A Stamford Superior Court jury today awarded $15 million to a group of auto body repair firms after determining The Hartford Insurance Co. engaged in unfair business practices to suppress labor rates. The class action lawsuit, filed by the Auto Body Association of Connecticut (ABAC) and three of its members, alleged that the insurance company engaged in a pattern of unfair practices that violated Connecticut law.
The jury agreed that The Hartford artificially suppressed body shop labor rates by eliminating the use of independent appraisers and relying exclusively on its own automobile service representatives to perform appraisals so the company could control their content, including labor rates. The result: consumers did not get fair, independent appraisals of the damage to their automobiles, ABAC says.
“We are gratified that the jury agreed that The Hartford systematically violated the Connecticut Unfair Trade Practices Act,” said Bob Skrip, president of ABAC and owner of Skrip’s Auto Body, Inc., Prospect. “This is just one more step in a long road against The Hartford and other insurance companies that seemingly disregard both regulations and consumers’ best interests. It is a positive development for consumers and body shops statewide, but it remains a long process. We are more confident than ever that we will ultimately prevail.”
The accusations against The Hartford were supported in the lawsuit by extensive documentation including internal memoranda detailing company policies, as well as several depositions by company employees, Skrip said.
The jury agreed that The Hartford improperly forced auto body shops to charge lower labor rates than general market conditions otherwise allow, in effect strangling the industry by exerting undue influence on its appraisers.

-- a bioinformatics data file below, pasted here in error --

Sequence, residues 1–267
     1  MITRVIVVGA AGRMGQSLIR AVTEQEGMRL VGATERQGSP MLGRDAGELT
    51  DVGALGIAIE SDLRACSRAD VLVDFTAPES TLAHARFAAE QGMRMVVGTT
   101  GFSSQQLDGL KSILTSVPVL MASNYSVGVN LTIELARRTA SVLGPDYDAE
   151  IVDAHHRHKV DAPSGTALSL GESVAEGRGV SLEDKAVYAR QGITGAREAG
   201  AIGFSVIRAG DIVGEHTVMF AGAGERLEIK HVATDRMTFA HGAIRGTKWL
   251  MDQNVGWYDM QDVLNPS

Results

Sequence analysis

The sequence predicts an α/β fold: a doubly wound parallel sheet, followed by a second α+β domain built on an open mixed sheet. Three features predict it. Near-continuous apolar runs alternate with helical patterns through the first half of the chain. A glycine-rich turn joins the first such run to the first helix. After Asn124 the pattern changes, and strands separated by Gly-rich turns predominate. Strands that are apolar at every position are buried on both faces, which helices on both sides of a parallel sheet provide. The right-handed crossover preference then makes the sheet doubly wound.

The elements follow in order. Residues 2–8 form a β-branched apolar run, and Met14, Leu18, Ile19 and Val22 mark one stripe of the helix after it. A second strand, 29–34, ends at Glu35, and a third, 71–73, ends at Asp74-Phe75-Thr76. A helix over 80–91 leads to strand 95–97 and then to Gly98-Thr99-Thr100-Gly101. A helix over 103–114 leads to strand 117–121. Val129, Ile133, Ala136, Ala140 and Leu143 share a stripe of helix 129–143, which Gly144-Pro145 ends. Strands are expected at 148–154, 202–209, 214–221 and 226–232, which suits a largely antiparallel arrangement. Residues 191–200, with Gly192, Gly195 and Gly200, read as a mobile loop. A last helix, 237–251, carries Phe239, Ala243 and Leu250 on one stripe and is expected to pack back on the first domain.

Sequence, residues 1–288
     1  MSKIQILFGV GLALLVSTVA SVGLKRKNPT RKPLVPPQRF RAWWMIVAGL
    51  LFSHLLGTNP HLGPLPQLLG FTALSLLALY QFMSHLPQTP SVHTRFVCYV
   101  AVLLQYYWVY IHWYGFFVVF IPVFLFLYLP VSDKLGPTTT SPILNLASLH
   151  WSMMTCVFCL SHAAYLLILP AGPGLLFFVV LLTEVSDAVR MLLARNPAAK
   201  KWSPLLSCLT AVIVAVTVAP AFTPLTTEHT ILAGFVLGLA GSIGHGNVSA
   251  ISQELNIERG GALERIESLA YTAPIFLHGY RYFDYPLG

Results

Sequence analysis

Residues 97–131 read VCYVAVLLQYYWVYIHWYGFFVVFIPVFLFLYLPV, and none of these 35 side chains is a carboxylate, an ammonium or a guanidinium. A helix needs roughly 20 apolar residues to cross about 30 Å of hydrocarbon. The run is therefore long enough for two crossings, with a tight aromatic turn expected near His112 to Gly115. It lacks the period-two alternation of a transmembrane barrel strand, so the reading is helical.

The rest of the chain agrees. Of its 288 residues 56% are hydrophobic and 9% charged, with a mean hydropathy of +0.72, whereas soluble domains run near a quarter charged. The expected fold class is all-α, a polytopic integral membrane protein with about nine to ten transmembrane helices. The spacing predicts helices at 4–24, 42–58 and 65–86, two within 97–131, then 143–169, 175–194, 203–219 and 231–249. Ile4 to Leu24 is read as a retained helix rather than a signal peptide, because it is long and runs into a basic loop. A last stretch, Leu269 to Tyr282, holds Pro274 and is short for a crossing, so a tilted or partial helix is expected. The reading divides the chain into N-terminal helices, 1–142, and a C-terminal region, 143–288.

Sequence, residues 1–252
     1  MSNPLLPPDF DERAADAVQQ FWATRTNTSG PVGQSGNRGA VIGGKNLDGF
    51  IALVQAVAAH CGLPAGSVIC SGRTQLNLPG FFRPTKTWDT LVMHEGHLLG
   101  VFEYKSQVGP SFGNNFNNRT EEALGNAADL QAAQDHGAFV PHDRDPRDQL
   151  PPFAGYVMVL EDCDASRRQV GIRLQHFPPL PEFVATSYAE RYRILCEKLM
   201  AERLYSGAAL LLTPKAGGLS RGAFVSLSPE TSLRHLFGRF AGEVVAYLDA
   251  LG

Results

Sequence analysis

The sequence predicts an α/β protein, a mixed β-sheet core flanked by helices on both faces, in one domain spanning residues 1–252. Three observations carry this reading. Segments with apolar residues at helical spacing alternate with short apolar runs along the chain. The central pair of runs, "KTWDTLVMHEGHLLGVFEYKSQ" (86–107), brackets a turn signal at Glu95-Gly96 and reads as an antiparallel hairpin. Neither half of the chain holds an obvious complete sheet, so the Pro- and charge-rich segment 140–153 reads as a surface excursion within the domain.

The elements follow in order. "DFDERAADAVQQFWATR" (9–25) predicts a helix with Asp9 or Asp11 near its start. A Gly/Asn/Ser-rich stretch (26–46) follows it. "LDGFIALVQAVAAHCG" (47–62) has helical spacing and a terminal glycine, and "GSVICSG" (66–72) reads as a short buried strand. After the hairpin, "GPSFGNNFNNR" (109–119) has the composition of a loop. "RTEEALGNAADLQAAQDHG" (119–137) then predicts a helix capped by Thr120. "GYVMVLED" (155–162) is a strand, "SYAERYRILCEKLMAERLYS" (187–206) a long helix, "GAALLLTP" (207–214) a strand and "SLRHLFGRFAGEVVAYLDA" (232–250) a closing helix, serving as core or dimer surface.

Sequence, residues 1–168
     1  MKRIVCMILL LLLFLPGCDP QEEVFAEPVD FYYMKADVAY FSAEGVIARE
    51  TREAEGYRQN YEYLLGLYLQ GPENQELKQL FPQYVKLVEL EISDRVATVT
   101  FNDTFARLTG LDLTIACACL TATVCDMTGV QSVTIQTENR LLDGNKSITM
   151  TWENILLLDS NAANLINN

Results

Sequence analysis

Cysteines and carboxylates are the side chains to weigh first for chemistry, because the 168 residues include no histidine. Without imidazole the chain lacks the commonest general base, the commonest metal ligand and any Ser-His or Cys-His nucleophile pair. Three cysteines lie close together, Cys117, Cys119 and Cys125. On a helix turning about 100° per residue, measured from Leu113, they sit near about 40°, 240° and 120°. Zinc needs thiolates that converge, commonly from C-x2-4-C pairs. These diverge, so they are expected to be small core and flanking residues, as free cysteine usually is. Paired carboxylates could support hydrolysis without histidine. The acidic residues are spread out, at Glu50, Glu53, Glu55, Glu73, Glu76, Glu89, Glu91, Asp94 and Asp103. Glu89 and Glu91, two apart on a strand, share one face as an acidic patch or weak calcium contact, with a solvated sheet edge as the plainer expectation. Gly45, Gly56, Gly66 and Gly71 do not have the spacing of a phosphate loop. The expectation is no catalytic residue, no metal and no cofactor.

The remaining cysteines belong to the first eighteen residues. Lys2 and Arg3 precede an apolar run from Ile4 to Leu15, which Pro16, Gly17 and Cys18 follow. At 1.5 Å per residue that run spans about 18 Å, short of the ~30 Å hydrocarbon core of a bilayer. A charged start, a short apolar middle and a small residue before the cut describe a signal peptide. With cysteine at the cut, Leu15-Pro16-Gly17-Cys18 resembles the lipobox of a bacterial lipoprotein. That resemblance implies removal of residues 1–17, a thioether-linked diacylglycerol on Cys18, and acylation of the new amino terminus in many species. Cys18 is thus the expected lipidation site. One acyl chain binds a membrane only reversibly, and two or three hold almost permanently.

The lawsuit said that when customers needed auto body repairs following an accident, employees of The Hartford called “customer care team specialists” were instructed to direct the customers to a preferred shop in The Hartford’s “customer care repair service program.” Consumers were often pressured to abandon their choice in favor of The Hartford’s preferred shop, allowing the insurer’s appraisers to exert greater control over the repair.
“We’re thrilled the jury found that The Hartford suppresses labor rates. This lawsuit was an attempt to change the way business is done in this industry,” said Attorney David Slossberg of Hurwitz, Sagarin, Slossberg and Knuff, of Milford, co-counsel for ABAC. “The jury’s verdict is a major victory toward that end.”
“The next step is to ask the court for immediate injunctive relief,” Slossberg added. “Our team is looking forward to crafting that request.”
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